The final work I am presenting has been realized as an immersive sound installation, which invites the audience to use their ears to engage their minds eye, and experience London in new sonorous light.

References

Schafer, R. M. (1977) The Soundscape: Our Sonic Environment & the Tuning of the World, Vermont: Destiny Books

Toop, D. (2007) To Move Within Sound, In: Carlyle, A. Autumn Leaves: Sound and the Environment in Artistic Practise, Paris: Double Entendre

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Presentation @ Digital Noise

May 13, 2009 at 2:54 pm (Presentations, Crits & Tutorials)

Video presented at Greenwich University, as part of “Digital Noise” event 12th May 2009.

It touches on some areas of my MA research;

Situationist International , Acoustic Ecology, Acoustic Design

as well as talking about my approach to soundscape composition (briefly).
I’ll probably edit this down for the symposium.

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3 & 4. How do these observations feed in to how the soundscape may effect our perception of the urban environment & how can this inform my compositional process and aesthetic decisions?

May 6, 2009 at 3:21 pm (Artists Statement & Reflection, Main Derives)

Sound + Space

Sound and space are always engaged in conversation. The activity of sound characterizes space; it can inject rhythm, texture and mood in to it, imbuing it with a sense of identity. Likewise, the physical form of space helps to define the character of sound; its size, shape and material effects its acoustic qualities, which in turn alters how we perceive the sonorities that occur within it.

“You enter a space and close your eyes and you can know simply through your hearing whether it is a large or small space, whether it is made of plasterboard or of concrete… The history of architecture… cancels materiality and the way it is expressed in space through the ear.” (Bernard Tschumi cited in Rebelo, 2003: 35)

“…the brain compares the signals from our to ears to detect where a sound source is located, not just on the horizontal plane around us, but also vertically, to give us an accurate three-dimensional impression of the soundscape around us.” (Davies, 2007:105)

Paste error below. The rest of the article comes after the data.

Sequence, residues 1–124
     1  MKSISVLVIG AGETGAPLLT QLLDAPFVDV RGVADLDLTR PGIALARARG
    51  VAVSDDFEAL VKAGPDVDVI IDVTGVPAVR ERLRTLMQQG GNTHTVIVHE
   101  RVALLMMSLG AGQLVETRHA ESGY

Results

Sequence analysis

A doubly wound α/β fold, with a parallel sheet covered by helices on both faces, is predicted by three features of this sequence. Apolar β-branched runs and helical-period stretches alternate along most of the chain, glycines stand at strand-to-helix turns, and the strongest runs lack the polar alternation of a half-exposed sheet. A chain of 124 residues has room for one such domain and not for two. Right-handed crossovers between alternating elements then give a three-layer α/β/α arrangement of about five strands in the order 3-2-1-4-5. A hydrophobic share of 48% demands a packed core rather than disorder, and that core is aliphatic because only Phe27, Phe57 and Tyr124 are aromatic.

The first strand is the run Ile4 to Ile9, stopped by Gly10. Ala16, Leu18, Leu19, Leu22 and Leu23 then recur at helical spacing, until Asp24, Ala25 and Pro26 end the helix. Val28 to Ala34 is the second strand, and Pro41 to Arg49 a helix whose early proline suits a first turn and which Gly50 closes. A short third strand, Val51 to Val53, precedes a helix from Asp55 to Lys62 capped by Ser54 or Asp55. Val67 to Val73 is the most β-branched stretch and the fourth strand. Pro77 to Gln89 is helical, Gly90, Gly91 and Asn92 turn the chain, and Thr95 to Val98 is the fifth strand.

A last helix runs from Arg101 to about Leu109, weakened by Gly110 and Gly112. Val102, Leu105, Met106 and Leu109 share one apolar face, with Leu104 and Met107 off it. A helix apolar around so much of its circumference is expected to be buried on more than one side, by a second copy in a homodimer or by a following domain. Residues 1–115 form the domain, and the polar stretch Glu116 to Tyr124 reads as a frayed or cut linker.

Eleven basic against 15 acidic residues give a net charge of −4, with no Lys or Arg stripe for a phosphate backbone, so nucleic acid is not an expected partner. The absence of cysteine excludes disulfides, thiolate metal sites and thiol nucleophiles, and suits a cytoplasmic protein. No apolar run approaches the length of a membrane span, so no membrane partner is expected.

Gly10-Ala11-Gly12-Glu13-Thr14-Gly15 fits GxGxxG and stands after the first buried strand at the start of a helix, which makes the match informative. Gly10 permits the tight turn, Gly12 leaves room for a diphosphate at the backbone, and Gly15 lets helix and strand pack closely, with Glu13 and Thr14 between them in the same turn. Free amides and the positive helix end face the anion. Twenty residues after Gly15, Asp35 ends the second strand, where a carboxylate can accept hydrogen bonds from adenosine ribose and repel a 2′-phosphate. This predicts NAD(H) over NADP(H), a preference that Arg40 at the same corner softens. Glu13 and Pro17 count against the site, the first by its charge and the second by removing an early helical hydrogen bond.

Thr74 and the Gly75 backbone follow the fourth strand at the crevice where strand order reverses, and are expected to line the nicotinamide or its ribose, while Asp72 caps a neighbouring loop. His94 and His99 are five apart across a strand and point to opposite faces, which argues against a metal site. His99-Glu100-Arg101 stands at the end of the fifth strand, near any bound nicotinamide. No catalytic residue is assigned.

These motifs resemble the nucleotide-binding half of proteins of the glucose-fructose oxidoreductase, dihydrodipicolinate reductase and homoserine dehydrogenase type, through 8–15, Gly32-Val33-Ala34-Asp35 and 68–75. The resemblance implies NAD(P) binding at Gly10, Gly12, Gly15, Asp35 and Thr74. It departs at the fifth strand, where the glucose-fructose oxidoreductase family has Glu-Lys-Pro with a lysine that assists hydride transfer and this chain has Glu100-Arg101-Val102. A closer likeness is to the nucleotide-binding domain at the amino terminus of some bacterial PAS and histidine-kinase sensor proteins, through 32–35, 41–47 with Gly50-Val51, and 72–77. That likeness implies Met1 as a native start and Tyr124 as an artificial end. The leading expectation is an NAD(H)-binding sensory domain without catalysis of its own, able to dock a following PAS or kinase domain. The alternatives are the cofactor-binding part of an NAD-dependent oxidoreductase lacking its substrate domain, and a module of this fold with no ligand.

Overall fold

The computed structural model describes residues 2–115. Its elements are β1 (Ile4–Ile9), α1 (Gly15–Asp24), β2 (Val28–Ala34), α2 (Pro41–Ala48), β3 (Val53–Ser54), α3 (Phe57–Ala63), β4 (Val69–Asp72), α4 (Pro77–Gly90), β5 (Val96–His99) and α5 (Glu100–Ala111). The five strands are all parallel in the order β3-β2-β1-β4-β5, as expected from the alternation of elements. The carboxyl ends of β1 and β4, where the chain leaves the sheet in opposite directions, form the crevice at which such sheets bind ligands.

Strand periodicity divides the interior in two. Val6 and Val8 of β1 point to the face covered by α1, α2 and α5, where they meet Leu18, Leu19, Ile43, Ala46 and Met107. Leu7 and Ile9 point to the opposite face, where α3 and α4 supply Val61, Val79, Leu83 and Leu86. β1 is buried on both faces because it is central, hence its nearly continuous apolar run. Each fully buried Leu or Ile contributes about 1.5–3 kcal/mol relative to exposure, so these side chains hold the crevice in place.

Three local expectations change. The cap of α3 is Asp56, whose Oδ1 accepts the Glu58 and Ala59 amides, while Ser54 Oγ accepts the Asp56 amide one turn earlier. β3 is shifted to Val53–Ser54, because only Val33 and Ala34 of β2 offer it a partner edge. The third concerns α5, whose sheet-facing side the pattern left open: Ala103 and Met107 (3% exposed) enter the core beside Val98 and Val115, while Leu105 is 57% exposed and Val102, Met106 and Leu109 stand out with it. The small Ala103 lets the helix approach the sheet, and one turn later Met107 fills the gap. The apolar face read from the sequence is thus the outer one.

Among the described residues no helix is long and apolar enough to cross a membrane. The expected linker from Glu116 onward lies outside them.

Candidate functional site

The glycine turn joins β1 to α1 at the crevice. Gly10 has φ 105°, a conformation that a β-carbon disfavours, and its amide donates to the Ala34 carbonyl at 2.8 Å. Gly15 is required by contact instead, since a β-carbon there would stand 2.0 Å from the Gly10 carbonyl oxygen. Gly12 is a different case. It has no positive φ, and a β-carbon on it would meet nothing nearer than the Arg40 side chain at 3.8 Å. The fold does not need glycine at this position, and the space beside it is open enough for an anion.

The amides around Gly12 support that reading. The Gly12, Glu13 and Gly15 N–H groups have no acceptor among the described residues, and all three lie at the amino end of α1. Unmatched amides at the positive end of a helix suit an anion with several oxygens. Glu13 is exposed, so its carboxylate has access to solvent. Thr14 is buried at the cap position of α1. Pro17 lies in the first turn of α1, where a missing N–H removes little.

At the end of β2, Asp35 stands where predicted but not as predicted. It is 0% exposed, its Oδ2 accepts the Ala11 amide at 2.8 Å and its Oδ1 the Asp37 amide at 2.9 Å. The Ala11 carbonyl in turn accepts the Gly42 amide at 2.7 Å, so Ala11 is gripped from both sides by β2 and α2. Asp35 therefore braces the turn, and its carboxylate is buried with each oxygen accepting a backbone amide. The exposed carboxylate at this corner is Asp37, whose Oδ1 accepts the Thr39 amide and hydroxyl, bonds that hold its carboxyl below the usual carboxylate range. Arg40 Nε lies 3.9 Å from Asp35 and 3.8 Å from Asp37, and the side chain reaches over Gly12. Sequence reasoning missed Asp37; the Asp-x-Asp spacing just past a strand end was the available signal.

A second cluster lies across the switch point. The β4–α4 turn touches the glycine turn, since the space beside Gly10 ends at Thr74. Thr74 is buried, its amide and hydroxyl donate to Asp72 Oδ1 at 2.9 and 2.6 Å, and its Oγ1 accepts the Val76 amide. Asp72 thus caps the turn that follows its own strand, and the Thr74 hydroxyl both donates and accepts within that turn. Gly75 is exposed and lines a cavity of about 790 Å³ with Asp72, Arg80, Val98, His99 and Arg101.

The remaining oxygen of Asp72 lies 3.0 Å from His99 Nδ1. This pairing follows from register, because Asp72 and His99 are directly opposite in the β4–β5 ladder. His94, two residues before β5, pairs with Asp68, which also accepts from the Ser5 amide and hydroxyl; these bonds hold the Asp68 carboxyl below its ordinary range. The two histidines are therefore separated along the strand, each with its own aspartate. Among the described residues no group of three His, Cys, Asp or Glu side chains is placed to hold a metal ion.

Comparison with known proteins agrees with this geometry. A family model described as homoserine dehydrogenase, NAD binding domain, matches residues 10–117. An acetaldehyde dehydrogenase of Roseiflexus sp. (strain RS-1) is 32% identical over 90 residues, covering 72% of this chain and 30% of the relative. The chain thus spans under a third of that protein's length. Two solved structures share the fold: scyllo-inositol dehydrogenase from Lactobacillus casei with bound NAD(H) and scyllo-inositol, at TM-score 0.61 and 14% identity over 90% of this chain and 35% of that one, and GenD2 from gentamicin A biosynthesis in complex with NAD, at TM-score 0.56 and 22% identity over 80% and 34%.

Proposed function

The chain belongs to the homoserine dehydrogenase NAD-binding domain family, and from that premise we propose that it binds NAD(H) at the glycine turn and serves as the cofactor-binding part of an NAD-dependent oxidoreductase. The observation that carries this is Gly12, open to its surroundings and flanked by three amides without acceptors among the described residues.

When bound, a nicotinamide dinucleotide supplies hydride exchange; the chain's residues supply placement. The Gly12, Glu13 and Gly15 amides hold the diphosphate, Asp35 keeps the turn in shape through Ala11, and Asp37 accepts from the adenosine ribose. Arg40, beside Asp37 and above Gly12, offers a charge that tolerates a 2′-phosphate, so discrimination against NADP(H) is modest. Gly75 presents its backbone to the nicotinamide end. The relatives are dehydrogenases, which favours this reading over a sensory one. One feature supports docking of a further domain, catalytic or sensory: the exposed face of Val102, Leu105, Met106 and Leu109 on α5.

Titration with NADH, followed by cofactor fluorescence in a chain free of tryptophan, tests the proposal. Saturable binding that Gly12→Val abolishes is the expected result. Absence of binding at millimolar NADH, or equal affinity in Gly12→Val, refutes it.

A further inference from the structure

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Sound always exists in a spatial context, whether we are experiencing it within our memory, imagination, or the present moment. When I listen to a field recording my mind takes me back to that specific location and moment in time. Likewise, whenever I listen to a new dance music 12”, my mind is always transported to a club space I’ve experienced.

– Use real IR reverbs, as well as synthetic spaces (real vs imagined)

– Use reverb spaces to link journeys (this is a solid reason)

– Use surround sound, more realistic depiction of space

… + Time

Sound can bring temporality into our perception of space. Imagine a deserted residential street at night; the warm orange glow of the streetlights remain constant, the sky is clear, without a cloud in sight, nothing within the scene is changing. Time appears to be static, completely still.  However, in the background the sonorous city swells with activity; a police siren violently cuts through the indescript drone of distant motorway traffic, whilst the crystalline glissando of an airplane drifts gently overhead. Our sense of time is restored.

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In each passing moment our experience of the soundscape is completely unique; both in the sense that our exact location defines what we hear at any particular moment, and also that each synchronized occurrence of sound at any particular moment, when listened too intently, is different from the last.